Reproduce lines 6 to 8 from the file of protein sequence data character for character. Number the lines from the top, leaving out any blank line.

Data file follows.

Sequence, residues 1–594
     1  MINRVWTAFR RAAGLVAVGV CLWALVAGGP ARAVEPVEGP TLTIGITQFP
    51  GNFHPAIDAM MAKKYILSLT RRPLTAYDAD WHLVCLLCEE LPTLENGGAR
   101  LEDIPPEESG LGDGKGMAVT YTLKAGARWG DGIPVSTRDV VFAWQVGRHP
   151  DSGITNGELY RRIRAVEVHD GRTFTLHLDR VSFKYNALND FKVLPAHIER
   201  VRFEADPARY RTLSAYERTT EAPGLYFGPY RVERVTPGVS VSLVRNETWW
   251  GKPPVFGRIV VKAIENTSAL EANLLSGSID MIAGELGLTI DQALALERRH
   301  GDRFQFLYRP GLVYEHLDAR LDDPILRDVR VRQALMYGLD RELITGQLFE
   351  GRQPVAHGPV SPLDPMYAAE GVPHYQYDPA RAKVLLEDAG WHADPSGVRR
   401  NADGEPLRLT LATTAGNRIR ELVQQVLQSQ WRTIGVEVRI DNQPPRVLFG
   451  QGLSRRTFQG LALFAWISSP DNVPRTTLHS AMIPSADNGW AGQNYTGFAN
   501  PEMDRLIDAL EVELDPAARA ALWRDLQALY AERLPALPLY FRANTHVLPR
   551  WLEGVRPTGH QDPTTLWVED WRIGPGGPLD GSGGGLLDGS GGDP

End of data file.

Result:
   201  VRFEADPARY RTLSAYERTT EAPGLYFGPY RVERVTPGVS VSLVRNETWW
   251  GKPPVFGRIV VKAIENTSAL EANLLSGSID MIAGELGLTI DQALALERRH
   301  GDRFQFLYRP GLVYEHLDAR LDDPILRDVR VRQALMYGLD RELITGQLFE